• Actually this only makes sense if you can't subclass the class in question. Otherwise, you can simply subclass with composition about the "metadata" and completely avoid the need for Weak References. – Pacerier Sep 18 '17 at 5:02
  • The link in the answer is broken. The working URL (as of this writing) is: Understanding Weak References – Sudhir Krishnan Nov 21 '17 at 19:22

checkout Effective Java, Edition 2, page 26.

Another common source of memory leaks is caches. Once you put an object reference into a cache, it’s easy to forget that it’s there and leave it in the cache long after it becomes irrelevant. There are several solutions to this problem. If you’re lucky enough to implement a cache for which an entry is relevant exactly so long as there are references to its key outside of the cache, represent the cache as a WeakHashMap; entries will be removed automatically after they become obsolete. Remember that WeakHashMap is useful only if the desired lifetime of cache entries is determined by external references to the key, not the value.

From jGuru:

A WeakHashMap is a special Map implementation where the keys of the map are stored in a java.lang.ref.WeakReference. By storing the keys in a weak reference, key-value pairs can dynamically be dropped from the map when the only reference to the key is from the weak reference. This makes the WeakHashMap an excellent implementation for a weakly referenced list, where entries that aren't used elsewhere may be dropped with no side effects. Also, just because a key may be dropped, doesn't mean it will immediately be dropped. If the system has sufficient resources, the weak key reference that isn't externally referenced could stay around for a long time.

More on References:

Weak references are about reachability and letting the GC do the work for you. I think it is best to understand the problems that the weak reference is trying to solve and see it in action:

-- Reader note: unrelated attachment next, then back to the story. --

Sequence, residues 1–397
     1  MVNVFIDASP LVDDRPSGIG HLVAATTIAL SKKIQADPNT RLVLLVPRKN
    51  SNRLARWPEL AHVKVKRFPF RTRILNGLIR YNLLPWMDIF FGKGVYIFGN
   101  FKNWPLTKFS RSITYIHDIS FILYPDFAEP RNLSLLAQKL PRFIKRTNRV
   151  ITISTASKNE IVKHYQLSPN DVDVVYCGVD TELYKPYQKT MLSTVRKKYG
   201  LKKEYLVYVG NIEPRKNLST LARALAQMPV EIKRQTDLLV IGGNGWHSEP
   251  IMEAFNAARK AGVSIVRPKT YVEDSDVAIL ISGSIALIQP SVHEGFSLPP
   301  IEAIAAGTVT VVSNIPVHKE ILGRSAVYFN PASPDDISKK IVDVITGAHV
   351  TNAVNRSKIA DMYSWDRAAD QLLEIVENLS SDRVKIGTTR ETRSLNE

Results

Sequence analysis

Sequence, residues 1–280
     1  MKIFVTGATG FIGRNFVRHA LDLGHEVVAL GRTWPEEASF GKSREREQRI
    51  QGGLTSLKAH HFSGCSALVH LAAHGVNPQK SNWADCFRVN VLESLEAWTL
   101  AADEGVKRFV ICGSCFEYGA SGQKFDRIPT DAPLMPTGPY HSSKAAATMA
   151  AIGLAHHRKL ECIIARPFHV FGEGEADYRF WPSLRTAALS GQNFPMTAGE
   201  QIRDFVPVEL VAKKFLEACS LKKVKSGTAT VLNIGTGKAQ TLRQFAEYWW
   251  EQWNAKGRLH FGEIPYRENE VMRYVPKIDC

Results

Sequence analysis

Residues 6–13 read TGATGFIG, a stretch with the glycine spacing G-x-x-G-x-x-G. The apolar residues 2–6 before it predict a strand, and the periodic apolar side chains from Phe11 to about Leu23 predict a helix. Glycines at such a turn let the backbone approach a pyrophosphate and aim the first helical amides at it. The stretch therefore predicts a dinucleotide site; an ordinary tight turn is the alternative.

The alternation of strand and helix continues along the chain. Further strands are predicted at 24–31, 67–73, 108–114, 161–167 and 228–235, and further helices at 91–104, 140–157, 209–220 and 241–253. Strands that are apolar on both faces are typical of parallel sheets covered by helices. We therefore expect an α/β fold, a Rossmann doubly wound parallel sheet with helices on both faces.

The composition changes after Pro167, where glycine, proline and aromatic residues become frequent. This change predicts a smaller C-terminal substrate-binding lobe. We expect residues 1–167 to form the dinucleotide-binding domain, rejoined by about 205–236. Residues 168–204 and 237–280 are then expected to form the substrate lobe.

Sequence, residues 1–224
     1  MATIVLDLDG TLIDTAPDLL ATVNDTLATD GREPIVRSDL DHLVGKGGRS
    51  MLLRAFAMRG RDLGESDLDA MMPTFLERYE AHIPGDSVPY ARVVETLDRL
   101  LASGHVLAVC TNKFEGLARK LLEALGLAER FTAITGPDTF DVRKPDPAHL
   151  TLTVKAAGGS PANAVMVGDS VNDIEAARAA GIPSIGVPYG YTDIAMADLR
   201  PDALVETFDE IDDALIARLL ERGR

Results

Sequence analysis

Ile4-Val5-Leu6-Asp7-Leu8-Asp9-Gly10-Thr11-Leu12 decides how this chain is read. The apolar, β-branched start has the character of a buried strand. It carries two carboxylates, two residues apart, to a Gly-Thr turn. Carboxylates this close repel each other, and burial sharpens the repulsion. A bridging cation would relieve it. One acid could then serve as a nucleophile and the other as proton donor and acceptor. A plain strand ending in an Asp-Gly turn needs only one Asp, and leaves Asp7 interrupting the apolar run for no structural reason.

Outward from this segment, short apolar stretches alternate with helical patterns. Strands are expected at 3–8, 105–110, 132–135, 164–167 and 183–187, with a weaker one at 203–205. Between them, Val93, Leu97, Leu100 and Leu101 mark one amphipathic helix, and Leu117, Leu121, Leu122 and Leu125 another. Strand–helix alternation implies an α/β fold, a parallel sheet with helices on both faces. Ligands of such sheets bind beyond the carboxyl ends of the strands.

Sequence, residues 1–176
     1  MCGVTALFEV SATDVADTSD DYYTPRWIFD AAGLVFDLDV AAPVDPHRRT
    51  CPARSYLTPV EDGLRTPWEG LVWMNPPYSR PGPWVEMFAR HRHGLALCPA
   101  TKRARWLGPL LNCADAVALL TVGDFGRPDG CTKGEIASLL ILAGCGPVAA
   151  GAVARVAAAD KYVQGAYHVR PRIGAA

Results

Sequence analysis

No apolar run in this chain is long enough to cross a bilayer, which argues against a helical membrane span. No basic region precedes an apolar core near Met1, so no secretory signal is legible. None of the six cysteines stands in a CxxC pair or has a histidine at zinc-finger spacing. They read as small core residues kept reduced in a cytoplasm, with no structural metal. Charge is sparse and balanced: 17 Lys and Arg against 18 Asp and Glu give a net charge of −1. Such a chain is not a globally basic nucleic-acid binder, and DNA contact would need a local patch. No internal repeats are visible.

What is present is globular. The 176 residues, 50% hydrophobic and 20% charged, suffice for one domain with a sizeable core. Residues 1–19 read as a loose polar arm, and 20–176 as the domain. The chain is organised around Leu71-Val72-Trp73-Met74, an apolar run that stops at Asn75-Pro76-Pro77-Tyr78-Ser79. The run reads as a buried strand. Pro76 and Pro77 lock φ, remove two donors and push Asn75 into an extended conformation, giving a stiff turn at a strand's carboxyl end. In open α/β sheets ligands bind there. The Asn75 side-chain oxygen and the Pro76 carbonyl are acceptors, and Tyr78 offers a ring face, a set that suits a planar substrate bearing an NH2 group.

• An IBM article about:

    Java theory and practice: Plugging memory leaks with weak references. Memory leaks with global Maps, Identifying memory leaks, Weak references to the rescue, ...

  • A blog article about when to use WeakHashMap:

    ... If the WeakHashMap is no good for caching, then what is it good for? It is good to implement canonical maps. Lets say you want to associate some extra information to an object that you have a strong reference to. You put an entry in a WeakHashMap with the object as the key, and the extra information as the map value. Then, as long as you keep a strong reference to the object, you will be able to check the map to retrieve the extra information. And once you release the object, the map entry will be cleared and the memory used by the extra information will be released. ...

  • The Java documentation about java.lang.ref

people use it to implement 'cache memory'. If you have some objects that are reused often in your application, and their construction is expensive, and there are too many of them to keep them all in memory - - you use WeakHashMap.

Put there the object which is not currently used. When this object is needed - get it out of the map. For most of the time most of those objects will be staying in the map. The trick is that they are not held directly, but through WeakReferences. So if it gets really 'crowded', when we are running out of memory, gc will be allowed to collect them. So every time you try to get the object out of the WeakHashMap, you have to ensure it is still there. Otherwise you need to recreate it.

You can use a WeakHashmap to reduce the chance of a memory leak as a result of caching some object. The WeakHashMap will automatically remove entries whenever all references to the key are removed.

Weakhashmap allow its entries to be garbage collected rather than waiting for full hashmap to be unused. So, it will automatically remove individual values when its key is no longer in ordinary use.

It can be used to prevent memory leak, where hashmap never reclaimed as one or more keys are still in use, even if maximum are not, like user data etc...

protected by feeling unwelcome Oct 5 '16 at 16:31